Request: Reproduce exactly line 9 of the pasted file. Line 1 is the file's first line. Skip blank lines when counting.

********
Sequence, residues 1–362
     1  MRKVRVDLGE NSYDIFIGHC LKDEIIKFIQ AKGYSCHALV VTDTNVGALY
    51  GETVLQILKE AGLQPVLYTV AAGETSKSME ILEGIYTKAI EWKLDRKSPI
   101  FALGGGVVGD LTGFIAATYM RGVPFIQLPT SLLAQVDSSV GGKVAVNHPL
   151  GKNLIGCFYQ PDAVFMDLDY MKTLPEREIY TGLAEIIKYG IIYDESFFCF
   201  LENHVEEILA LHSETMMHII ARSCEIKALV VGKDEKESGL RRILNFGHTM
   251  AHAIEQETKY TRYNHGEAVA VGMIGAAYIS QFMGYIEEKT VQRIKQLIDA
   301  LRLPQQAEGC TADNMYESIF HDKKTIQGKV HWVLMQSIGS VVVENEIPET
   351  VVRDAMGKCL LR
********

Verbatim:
   351  VVRDAMGKCL LR